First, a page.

I think one of the popular uses for the apps will be conducting Q&As. It makes sense to broadcast and engage with an audience in real-time. This could be celebrities to their fans and even customer service clinics. During live group support sessions, multiple requests have the potential to be monitored and responded to quickly with minimal resources.
The apps are a great platform to make announcements and company news. Who doesn’t like being the first to know something? There is the opportunity to make your audience feel part of your brand, giving them a virtual seat at your ‘press conference’. Candid insider views will allow markets to get a sneak peek of what happens at your company, creating a stronger connection.
Product and service demos that are interactive will also allow for live and instant feedback. There is potential to tap into the direction that Google Hangouts on Air took: people who are in your Google “circles” can participate and anyone with a Gmail address can watch (see Chevrolet/Manchester United and ASOS examples).
Digitally pioneering fashion brand Burberry was one of the first to live-stream its catwalk shows online and many more brands and business will follow suit now that this function is more accessible by going mobile.
For businesses, there is a need for strategy and plan to avoid disappointing both parties. Live-streaming is as much about withholding as it is about opening up.
What’s the future for Meerkat and Periscope?
Meerkat and Periscope are the new wave of apps conceived in a mobile climate that has better 3G and 4G networks to deliver the video that these apps produce, while mobile data contracts ensure it isn’t ridiculously expensive to broadcast or watch content.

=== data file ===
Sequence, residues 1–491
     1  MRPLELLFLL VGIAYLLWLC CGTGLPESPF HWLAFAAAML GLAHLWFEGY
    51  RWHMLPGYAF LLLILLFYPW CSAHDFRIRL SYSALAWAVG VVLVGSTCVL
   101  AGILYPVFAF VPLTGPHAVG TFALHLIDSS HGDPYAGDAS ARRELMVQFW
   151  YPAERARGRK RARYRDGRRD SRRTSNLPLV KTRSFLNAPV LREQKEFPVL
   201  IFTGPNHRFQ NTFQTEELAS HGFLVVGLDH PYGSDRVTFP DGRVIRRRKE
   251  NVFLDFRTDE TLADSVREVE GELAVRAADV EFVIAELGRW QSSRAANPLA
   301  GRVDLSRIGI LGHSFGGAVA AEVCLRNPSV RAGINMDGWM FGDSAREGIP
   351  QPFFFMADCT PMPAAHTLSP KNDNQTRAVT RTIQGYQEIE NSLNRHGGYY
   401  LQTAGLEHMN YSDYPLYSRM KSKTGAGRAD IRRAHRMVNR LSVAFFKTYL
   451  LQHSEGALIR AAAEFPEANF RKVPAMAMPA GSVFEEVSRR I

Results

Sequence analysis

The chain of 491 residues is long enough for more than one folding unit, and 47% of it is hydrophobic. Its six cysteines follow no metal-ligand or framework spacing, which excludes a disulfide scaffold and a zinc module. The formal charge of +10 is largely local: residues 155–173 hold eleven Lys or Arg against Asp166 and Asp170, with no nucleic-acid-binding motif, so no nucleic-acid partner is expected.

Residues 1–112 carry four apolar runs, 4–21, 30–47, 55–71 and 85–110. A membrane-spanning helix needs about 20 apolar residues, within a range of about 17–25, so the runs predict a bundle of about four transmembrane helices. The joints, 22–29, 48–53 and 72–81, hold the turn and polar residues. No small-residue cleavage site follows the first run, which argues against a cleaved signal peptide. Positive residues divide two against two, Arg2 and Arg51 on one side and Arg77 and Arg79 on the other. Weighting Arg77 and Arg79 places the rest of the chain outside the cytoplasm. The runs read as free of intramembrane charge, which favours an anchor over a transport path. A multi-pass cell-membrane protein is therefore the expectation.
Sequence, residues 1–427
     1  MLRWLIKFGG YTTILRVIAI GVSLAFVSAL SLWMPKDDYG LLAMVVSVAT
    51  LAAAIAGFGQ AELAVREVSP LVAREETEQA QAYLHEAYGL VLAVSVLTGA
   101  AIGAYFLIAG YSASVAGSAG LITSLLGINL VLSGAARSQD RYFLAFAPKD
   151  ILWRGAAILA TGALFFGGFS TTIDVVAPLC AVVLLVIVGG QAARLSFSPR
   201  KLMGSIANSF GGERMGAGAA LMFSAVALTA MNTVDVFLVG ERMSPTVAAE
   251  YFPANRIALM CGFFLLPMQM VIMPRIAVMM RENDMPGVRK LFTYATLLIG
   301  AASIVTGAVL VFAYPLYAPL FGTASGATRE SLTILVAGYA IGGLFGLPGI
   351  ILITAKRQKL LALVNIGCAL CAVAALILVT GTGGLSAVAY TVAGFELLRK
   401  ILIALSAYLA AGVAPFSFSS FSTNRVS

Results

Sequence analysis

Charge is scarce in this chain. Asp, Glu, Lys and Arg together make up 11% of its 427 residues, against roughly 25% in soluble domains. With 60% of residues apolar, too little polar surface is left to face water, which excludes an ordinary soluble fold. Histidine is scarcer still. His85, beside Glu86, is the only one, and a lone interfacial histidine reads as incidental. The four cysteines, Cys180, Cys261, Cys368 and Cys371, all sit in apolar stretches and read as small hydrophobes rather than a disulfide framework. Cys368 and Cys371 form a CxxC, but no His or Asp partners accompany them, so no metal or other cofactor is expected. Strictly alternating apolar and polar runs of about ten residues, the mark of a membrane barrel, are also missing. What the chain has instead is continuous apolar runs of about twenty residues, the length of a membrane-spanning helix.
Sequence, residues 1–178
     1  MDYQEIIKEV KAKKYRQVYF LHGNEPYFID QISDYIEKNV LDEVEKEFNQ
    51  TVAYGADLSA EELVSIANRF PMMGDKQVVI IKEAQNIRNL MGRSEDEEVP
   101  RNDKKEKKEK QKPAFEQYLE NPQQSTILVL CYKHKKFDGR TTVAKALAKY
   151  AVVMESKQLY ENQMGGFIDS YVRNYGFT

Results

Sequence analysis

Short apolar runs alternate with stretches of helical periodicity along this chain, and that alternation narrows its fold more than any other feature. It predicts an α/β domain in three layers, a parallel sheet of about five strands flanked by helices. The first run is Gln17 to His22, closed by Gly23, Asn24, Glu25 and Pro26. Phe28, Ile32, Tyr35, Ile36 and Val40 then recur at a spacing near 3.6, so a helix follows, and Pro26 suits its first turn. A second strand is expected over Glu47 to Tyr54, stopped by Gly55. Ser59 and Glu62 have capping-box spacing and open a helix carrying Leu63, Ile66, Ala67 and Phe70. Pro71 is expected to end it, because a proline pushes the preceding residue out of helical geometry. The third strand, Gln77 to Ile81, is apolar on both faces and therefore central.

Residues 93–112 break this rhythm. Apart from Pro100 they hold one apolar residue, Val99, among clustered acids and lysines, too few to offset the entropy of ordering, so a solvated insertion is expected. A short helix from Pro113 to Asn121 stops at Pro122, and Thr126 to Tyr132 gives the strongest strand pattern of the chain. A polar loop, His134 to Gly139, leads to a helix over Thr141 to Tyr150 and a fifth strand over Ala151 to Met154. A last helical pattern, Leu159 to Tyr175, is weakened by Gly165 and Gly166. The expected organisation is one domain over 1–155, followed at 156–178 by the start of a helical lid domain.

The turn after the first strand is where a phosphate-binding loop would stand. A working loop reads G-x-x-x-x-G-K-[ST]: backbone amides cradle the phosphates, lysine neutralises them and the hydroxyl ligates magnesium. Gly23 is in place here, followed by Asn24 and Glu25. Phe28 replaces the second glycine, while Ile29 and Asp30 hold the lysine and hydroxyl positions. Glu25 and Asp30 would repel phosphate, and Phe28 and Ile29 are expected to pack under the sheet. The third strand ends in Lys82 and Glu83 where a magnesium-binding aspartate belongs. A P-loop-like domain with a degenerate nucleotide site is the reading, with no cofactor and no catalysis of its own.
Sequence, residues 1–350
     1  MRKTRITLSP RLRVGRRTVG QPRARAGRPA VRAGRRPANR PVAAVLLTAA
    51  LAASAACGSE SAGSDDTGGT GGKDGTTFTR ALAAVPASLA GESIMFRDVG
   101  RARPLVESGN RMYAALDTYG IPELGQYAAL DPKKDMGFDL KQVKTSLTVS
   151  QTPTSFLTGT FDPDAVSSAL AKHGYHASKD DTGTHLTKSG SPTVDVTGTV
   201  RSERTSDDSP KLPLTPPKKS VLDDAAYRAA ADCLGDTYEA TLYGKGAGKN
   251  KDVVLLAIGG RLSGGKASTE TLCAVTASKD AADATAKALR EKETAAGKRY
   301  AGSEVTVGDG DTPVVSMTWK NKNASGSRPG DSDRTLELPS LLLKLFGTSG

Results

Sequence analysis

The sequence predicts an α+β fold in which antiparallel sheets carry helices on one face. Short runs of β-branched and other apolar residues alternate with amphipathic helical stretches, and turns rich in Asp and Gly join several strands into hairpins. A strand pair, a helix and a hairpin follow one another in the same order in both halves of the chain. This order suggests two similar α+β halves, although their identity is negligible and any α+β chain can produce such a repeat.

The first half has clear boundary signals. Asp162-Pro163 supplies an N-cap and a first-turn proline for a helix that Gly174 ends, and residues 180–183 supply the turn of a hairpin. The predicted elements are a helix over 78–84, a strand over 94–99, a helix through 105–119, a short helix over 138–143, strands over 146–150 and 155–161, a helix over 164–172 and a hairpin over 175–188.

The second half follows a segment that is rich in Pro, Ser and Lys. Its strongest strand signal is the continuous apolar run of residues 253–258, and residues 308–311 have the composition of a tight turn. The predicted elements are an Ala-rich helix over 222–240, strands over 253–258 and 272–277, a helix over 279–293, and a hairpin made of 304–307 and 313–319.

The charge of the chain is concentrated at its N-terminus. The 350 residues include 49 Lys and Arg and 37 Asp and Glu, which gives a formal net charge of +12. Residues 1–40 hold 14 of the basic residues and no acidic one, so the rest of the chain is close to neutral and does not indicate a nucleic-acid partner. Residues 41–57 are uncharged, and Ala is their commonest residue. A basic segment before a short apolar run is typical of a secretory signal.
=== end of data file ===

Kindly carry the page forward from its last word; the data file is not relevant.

Instagram and Vine have already proven the demand for micro vlogging. And you can even get creative with these apps. But what the live-streaming apps have is the spontaneous, real-time factor – and you can’t get any more real-time that straight up live. There’s no waiting for the person behind the camera to pick a filter or edit; you get to see what they’re seeing as it is happening, therein providing a totally different service to Instagram, Vine and eve YouTube.
Be prepared for a whole new wave of citizen journalism with much more access to a news story. “What if you could see through the eyes of a protester in Ukraine? Or watch the sunrise from a hot air balloon in Cappadocia?” the Periscope team blog asks. “It may sound crazy, but we wanted to build the closest thing to teleportation.”
With every leap forward for social media comes the ethical considerations to be made when using technology and broadcasting content from unregulated outlets. Live-streaming a scene with fatalities for instance – where is the line between justified footage that giving unprecedented access and macabre voyeurism? There are also concerns over privacy and copyright.
The two rivals are still working on apps for Android, and users have already been quick to point out the flaws. One Fast Company editor pointed out that despite location tagging being one of Periscope’s best features, many users were unknowingly revealing their home addresses. Users could pinch to zoom in or out of the map, but this zoom feature has since been disabled. There’s also a need for a search or discovery function and a scope for the content to live on rather than be ephemeral.
Without access to Twitter’s social graph it will be harder for Meerkat to build a community around new uses. Upon its launch, Periscope broke into the US iPhone top-30 chart – a rare feat for a social media app, while Meerkat collapsed to number 523. Time will tell as to whether Periscope eclipses Meerkat, but the introduction of these apps confirms that live-streaming is here to stay and will continue to rise.